1. If you’re a Netflix subscriber, instead of buying a DVD, just add it to your Netflix queue.  Prioritize it wherever you think it should go (and if not at the top, you have to question why you’d be buying it in the first place!)
  2. When you receive the movie, watch it and then determine if you think you’ll watch it enough times to pay for itself if you were to buy it.
  3. If you’re not a Netflix subscriber, you may want to consider it if you’re spending more than $10/mo on DVDs as-is.  The cheapest Netflix plan is still cheaper than buying a DVD every month.
  4. Add items to your Netflix queue on-the-go just like you would do with books or other items.  I use an app called PhoneFlix on the iPhone to do this, but paper works just as well provided you make it a habit to add the DVD to your queue once you get home.
  5. Other options for movies include iTunes rentals, Blockbuster Online, or Xbox Live (which has Netflix streaming video now!)  Follow the same general steps.  And if you don’t want to sign-up for Netflix, the process described above works just as well for movies as it does for books and other items!

For music

  • If you’re not into subscription music yet, consider signing up for an unlimited subscription.  This works best if you purchase more than a single album (iTunes, CD, etc.) every month.  Zune is my service of choice based on the selection and the beautiful software (disclaimer: I do work for Microsoft).  With the Zune Pass (the name of the service) I can listen to an unlimited amount of music for less than $15/mo – and get 10 songs/month to keep as well.  It’s very, very cost-effective for music lovers.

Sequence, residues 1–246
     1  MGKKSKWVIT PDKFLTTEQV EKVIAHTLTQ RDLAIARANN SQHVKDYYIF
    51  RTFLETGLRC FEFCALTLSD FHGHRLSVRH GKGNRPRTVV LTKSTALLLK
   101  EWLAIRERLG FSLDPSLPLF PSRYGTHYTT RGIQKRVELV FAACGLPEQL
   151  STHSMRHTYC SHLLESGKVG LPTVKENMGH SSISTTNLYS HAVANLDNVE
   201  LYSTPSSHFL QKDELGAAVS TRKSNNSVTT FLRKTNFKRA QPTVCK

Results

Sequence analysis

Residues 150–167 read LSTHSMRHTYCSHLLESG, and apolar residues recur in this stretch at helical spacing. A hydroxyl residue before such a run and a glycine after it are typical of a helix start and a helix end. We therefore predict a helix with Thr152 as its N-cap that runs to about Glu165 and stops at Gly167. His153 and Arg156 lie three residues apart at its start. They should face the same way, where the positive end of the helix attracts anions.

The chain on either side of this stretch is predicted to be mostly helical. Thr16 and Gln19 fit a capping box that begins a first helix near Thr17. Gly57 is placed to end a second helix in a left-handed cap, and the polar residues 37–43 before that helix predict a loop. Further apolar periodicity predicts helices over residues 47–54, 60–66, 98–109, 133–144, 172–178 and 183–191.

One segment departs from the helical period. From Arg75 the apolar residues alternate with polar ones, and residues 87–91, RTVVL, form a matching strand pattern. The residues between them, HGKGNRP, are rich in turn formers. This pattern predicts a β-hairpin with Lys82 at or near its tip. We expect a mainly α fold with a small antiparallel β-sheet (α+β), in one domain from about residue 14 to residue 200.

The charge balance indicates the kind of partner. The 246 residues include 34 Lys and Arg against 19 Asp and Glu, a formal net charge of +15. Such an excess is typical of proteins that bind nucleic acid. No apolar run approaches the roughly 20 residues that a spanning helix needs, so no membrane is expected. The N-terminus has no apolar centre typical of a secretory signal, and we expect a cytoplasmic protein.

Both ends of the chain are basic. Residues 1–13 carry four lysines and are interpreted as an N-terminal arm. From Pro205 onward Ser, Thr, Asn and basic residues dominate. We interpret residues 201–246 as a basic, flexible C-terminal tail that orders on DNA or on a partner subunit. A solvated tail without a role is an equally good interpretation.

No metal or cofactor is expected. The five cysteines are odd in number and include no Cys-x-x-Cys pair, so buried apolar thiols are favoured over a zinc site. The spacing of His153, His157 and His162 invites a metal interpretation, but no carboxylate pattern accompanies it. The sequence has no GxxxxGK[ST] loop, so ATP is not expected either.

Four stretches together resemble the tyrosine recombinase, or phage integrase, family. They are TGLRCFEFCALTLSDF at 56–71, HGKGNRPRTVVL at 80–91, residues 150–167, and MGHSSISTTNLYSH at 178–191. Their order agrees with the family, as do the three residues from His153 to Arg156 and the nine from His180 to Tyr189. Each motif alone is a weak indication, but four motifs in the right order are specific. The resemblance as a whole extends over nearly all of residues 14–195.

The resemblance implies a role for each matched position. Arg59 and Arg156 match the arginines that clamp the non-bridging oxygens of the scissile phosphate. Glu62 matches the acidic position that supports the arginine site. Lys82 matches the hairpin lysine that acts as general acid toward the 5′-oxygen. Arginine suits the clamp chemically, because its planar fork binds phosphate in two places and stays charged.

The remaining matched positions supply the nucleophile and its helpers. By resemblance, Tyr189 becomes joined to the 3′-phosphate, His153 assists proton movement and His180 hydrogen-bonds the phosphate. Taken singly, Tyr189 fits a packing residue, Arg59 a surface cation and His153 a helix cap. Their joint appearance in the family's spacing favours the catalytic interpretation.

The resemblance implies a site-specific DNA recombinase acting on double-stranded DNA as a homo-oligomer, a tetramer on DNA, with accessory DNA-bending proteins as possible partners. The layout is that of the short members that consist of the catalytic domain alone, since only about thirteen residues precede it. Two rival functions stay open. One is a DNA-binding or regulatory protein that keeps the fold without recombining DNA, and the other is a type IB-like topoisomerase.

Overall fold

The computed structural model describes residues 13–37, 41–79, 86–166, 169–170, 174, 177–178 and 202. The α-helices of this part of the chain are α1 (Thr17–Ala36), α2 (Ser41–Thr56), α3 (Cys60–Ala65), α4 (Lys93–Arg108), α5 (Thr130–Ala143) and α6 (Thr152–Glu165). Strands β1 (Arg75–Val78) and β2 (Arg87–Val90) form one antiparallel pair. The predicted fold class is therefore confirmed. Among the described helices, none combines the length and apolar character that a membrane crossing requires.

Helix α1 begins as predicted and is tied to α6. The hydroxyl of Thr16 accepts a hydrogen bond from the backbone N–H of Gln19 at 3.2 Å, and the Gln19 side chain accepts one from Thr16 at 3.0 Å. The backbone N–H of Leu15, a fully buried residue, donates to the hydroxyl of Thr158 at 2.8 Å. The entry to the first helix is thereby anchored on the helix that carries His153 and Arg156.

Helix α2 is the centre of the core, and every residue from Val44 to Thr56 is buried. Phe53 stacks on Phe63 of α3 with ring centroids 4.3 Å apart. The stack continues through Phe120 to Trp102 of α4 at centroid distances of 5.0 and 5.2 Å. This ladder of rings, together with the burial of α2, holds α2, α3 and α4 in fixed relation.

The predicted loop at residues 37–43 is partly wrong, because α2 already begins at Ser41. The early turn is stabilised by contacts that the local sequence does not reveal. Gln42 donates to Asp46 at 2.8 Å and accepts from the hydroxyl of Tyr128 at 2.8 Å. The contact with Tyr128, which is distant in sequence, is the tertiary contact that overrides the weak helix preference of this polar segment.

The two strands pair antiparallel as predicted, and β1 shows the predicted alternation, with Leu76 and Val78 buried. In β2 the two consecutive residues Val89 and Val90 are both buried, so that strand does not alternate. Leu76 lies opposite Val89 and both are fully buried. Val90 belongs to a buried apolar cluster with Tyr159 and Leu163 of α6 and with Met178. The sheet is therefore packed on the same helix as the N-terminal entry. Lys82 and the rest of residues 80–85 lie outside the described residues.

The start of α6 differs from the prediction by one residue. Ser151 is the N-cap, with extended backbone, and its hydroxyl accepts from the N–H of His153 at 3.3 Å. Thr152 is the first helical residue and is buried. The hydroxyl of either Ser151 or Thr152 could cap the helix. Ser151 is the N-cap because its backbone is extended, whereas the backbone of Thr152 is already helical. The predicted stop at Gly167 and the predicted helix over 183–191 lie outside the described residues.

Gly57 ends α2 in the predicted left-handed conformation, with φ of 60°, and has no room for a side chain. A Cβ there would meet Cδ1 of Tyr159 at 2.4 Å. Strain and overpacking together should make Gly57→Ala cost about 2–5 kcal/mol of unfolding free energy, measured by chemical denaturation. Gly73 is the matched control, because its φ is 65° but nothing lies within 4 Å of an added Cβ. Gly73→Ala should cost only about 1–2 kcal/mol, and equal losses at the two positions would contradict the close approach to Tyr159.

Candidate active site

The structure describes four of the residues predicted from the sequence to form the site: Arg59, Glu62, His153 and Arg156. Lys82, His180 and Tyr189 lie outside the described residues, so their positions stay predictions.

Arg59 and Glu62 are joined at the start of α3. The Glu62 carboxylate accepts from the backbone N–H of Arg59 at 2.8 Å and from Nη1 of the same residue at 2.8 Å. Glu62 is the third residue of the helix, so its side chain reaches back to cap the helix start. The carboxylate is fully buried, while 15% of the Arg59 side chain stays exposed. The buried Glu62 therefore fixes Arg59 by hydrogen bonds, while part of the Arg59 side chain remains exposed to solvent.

• Download or stream new songs or albums as the impulse hits, knowing you don’t have to pay any additional fees to listen to them.
  • If you don’t want to sign up for a subscription music plan, the process described above works just as well for music as it does for books and other items!

You can do a similar thing with audiobooks using an subscription, or even newspapers just by writing yourself a note to check out an article online instead of buying the Sunday paper.

They key with this whole trick is to not give into the impulse in the way you normally would.  Instead, you want to acknowledge it and then satisfy the packrat urge without spending another dime.

It’s a fun way to allow yourself to focus on what really matters now that you’ve gotten past the urge to splurge 😉

Written by Mike Torres

April 30th, 2009 at 8:55 pm

Posted in Finances

Tagged with

  • Melinda

    This is actually really similar to the theory for women who want to buy clothing. They say something like 95% of your desire is just to see it on yourself, so you should try the item on, even if it’s really expensive. I try to do this when I covet things – just try it on, and usually it takes away the desire to have it.

  • Ann

    I just set up to analyze my spending and realized One-click purchasing is terrible for my bottom line! I’ve disabled one-click which has helped a lot.

    Another thing I do is take pictures in stores instead of pulling out the Visa. I do this with housewares and clothes a lot. Started when I bought my first house and realized I couldn’t pay my mortgage if I kept buying every rug and fruit bowl I liked.

    Love your blog, Mike!

  • Mike Torres

    Totally! I’m all about the picture taking. The Amazon iPhone app has done wonders for my impulse buying tendencies 🙂